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Chair’s Welcome

I am delighted as Chair of the Friends to welcome you to our website. Bushy Park and Home Park are two wonderful large green oases in the south west corner of London. Feeling wild, they are natural places with ancient histories, fascinating heritage and superb wildlife. Both are Sites of Special Scientific Interest (SSSIs) containing rare species. These are places to be enjoyed and conserved. Which is why the Friends exist, campaigning, supporting and protecting the parks, and enhancing visitors’ enjoyment with information, advice and guidance.

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Tree Walk May 18th 2013

Tree Walk May 18th 2013

Photo: David Ivison

Gillian Jonasus – Arboriculturalist, Richmond and Bushy Parks

Walking into the Pheasantry Woodland Gardens, we stopped to admire the ancient Sweet Chestnut which has been fenced off to stop further compaction of the roots and it being used as a good climbing tree. Next to this is a very old Cedar of Lebanon, the timber of which is said to be insect repellent. Along the water one of the large Swamp Cyprus trees have some of the largest aerial roots to be found.

Some Rhododendron Ponticum has been cleared in both Woodland gardens as a precaution against sudden Oak Death (not in Bushy Park yet!)

Over towards the boundary fence are several pine trees including a Californian species ‘Big Cone Pine’. The very large (size of a large pineapple) cones have been removed as they had been identified as a danger as they could fall on unsuspecting visitors.

There is a newly planted wild life hedge along the fence which has been paid for by the Friends. We have also funded some planting to replace the Rhododendrons which have been taken out.

We left the Pheasantry, entered the Park and headed along the Longford River towards Diana fountain, stopping to admire some veteran Hawthorn trees. There are 300 veteran hawthorns in the Park and Gillian shared her love of these trees with us. Walking along the water we passed a very old oak which has a crack in one branch wedged open to provide habitat for bats in particular.

Oak Processionary moth caterpillars are late developing this year and volunteers are to be trained in how to detect them this week. They produce hairs which are a danger to both animals and humans and are removed from the trees as soon as possible. (There will be plenty of information going up in the Park).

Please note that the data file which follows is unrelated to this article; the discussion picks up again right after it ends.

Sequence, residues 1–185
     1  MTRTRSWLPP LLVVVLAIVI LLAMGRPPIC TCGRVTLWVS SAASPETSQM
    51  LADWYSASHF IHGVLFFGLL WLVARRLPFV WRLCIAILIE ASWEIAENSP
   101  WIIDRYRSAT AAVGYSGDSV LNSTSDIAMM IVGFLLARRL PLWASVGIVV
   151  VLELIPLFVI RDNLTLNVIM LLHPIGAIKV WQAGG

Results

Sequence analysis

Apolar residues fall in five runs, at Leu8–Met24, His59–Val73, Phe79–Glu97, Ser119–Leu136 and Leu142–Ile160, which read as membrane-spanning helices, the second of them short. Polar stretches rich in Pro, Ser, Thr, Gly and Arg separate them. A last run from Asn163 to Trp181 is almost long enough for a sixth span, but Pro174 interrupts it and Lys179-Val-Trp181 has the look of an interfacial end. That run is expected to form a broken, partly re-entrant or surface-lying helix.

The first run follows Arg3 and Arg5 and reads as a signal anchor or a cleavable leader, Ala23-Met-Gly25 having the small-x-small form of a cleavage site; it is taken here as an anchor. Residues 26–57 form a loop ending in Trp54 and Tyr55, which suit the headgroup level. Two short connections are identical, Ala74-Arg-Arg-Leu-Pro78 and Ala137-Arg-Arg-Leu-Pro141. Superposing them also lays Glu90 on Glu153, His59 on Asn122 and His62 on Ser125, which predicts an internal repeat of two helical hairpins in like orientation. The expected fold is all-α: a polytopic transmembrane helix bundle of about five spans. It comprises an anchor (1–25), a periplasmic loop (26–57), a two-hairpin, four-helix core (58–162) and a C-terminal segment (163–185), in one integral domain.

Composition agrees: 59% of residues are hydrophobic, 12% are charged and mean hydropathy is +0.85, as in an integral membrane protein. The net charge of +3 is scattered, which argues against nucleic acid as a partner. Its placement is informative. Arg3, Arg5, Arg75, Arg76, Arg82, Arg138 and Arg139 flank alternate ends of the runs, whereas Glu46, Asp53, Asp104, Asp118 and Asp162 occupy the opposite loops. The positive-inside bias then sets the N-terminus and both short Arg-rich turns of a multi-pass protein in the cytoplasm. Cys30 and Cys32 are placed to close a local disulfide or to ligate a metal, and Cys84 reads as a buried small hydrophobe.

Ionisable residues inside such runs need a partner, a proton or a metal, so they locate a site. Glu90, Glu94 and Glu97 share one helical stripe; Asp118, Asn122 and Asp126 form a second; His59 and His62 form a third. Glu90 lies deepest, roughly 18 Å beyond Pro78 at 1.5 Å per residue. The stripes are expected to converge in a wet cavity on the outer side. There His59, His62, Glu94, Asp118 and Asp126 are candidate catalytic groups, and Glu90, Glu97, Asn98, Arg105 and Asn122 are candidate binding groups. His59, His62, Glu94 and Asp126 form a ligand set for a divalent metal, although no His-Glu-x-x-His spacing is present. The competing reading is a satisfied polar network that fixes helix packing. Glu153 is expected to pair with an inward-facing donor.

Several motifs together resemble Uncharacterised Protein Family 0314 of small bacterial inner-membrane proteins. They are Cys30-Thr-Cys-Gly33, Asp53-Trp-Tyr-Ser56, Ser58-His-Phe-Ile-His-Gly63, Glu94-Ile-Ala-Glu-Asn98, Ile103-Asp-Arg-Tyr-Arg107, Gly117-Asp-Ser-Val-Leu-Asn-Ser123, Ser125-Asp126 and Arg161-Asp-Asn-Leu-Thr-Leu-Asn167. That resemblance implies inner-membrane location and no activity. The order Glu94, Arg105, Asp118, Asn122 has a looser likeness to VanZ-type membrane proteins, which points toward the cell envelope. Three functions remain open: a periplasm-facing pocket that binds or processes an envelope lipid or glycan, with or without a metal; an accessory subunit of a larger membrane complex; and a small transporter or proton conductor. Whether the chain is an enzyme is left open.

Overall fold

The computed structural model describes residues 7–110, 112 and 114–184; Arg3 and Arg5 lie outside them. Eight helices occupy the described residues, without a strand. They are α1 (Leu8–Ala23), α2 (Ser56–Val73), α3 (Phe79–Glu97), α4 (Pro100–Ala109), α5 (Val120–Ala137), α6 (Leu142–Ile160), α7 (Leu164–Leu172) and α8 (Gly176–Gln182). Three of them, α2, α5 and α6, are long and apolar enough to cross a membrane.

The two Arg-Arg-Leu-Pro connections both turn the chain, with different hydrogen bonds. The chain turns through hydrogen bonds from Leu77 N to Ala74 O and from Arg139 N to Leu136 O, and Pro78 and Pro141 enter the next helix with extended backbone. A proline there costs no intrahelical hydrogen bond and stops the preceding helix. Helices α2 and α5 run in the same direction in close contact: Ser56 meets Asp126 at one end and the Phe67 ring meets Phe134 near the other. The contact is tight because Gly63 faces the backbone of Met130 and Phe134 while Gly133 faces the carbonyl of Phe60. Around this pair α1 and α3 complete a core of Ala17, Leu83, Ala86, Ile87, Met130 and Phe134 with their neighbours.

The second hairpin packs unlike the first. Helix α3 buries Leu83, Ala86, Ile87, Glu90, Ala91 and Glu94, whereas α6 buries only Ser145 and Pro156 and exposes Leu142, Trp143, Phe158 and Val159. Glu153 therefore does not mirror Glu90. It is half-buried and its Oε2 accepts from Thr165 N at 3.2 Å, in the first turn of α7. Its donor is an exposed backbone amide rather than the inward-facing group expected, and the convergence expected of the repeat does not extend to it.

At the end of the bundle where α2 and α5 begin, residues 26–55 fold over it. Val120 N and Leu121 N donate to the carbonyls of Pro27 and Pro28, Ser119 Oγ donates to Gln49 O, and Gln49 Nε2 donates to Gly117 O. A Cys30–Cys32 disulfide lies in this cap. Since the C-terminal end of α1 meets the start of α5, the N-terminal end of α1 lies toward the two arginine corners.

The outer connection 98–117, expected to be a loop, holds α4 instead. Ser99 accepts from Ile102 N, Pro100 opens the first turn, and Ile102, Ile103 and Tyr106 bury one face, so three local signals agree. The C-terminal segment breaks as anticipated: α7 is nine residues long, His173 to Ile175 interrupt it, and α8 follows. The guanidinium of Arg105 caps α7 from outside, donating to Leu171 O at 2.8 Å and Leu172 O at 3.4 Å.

Stopping to admire a veteran Elder, the walk turned towards Chestnut Avenue. The news is not good with Leaf miner and Bleeding Canker slowly causing these lovely trees to die. Sweet Chestnuts do not suffer from disease in the same way. We walked back towards Crocodile gate where Gillian explained that the veteran Oak had been fenced off to prevent further compacting of roots and to protect walkers from the danger of falling branches.

‘Veteran’ trees have many features including pockets of decay where fungi grow, hollow trunks, pockets where water collects, cracks and holes in the bark all of which provide a wonderful habitat for bats, birds and insects.

Over 800 invertebrates live in dead wood; 264 in veteran trees of which 42 are Red data book species.

We thank Gillian for a most interesting and informative walk and for sparing the time in this very busy period in both Parks.

Jane Cliff
May 20th 2013

Why we need more Friends

With more members our voice is stronger when we campaign to protect the Parks, and with more subscription income we can do more to provide information and education about the Parks, their wildlife and their history.

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Walks & Talks

Forthcoming event

Thursday, 25th Oct 8:00 pm

TALK by Kate Canning, “Friends to nature – the wonder of bees”

Latest report

A perimeter walk of Home Park led by Nicholas Garbutt was enjoyed by over 45 people on 2nd September.

Full report...

Information Point

The Information Point next to the Pheasantry Welcome Centre café is where our volunteers help visitors find out more about the parks and where visitors can purchase souvenirs of your visit to support our work.

Click this panel to visit our Information Point section and also to find out how you can get involved as a volunteer.